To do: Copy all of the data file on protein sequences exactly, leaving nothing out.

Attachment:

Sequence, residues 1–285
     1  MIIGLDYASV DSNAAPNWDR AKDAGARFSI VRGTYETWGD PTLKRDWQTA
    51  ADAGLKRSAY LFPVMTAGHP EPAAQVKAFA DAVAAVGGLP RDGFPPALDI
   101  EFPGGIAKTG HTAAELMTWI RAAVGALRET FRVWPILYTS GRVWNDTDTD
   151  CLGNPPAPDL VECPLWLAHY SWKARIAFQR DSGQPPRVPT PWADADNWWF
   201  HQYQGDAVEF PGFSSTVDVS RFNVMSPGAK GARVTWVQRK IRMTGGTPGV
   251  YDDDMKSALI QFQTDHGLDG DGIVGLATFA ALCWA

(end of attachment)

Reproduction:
Sequence, residues 1–285
     1  MIIGLDYASV DSNAAPNWDR AKDAGARFSI VRGTYETWGD PTLKRDWQTA
    51  ADAGLKRSAY LFPVMTAGHP EPAAQVKAFA DAVAAVGGLP RDGFPPALDI
   101  EFPGGIAKTG HTAAELMTWI RAAVGALRET FRVWPILYTS GRVWNDTDTD
   151  CLGNPPAPDL VECPLWLAHY SWKARIAFQR DSGQPPRVPT PWADADNWWF
   201  HQYQGDAVEF PGFSSTVDVS RFNVMSPGAK GARVTWVQRK IRMTGGTPGV
   251  YDDDMKSALI QFQTDHGLDG DGIVGLATFA ALCWA